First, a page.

File a complaint

The NDFP said that the revolutionary forces are open to criticism and complaints. “My message to any real or possible complainant against the NPA is to present the complaint to the NDFP section of the Joint Monitoring Committee under the Comprehensive Agreement of Respect for Human Rights and International Humanitarian Law (CARHRIHL) or to approach directly the people’s democratic government, particularly the people’s prosecutors and the people’s courts,” Sison said.

CARHRIHL, a special agreement signed between the government and NDFP in 1998, guarantees “the right not to be subjected to forced evacuations, food and other forms of economic blockades and indiscriminate bombings, shellings, strafing, gunfire and the use of landmines.”

It took 25 years for the government and the CPP-NPA-NDFP to agree on the CARHRIHL, the first of the 4 agreements in the “substantive agenda” of the peace process. Under this track, however, the negotiations have not significantly moved on.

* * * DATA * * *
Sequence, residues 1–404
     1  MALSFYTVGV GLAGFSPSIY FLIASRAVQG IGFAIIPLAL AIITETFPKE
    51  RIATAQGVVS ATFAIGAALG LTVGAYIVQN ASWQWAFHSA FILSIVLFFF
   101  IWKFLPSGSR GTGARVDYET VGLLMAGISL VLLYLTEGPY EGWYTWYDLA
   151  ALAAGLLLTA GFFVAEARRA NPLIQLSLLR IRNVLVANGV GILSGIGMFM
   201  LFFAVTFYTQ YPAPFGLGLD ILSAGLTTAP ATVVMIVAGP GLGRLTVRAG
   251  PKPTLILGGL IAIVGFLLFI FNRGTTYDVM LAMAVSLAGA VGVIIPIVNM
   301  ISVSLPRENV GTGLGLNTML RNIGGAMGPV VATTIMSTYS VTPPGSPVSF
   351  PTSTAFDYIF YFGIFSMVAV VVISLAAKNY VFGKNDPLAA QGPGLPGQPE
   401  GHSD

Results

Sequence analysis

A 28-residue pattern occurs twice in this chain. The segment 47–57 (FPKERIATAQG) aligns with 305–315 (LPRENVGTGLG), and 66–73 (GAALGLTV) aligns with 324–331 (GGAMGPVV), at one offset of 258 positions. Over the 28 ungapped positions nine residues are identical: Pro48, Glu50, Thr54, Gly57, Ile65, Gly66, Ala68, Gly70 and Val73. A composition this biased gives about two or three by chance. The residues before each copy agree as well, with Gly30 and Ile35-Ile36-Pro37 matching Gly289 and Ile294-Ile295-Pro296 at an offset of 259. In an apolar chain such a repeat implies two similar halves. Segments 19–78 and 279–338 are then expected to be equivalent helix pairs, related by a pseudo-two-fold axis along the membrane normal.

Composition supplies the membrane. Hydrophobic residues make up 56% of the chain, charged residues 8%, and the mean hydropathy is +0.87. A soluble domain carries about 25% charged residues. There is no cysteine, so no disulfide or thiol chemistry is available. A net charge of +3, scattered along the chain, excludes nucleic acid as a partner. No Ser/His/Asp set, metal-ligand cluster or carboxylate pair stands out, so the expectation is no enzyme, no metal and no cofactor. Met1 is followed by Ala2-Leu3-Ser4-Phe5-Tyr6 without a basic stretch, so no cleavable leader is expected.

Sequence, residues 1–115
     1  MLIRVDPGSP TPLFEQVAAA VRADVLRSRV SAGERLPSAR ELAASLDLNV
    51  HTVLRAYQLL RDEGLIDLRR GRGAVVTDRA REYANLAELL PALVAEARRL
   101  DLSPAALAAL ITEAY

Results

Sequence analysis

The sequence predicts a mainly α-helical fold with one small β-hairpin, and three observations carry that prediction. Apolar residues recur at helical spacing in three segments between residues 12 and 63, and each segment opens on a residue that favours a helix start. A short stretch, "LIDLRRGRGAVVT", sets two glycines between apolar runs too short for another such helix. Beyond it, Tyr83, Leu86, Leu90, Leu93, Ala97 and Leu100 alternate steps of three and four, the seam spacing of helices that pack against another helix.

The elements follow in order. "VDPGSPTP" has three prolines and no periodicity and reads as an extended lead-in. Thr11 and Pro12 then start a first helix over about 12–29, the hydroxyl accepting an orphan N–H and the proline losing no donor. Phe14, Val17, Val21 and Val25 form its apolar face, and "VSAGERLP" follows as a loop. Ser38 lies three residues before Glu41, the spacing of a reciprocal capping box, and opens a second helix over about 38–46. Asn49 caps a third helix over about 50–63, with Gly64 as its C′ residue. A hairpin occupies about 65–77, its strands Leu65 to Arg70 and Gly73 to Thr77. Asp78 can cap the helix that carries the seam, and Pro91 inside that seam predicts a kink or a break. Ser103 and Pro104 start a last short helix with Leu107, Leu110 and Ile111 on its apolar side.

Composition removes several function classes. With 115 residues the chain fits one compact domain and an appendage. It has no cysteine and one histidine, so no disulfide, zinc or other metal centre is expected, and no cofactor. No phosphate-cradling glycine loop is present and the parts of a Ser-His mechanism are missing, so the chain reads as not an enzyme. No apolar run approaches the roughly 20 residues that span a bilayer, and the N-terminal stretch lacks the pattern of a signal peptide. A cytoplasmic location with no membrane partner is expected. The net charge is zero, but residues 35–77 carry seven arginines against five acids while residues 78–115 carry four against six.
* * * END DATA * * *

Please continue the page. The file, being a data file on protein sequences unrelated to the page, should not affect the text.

The NDFP sticks to its 2005 proposal to have “an agreement of truce and alliance on the basis of a general declaration of common intent to realize full independence, democracy, and economic development through national industrialization and land reform.”

According to Sison, the agreement can be signed even as the peace talks continue to tackle the remaining 3 items in the substantive agenda.

“If there is such an agreement, the armed conflict ceases and there is no more need for land mines, aerial bombs and artillery fire or any other kind of weapon,” Sison explained. “The Aquino regime has only itself to blame if it offers no other possibility than the continuance and intensification of the civil war. It should see that the way is still available for peace negotiations,” Sison added.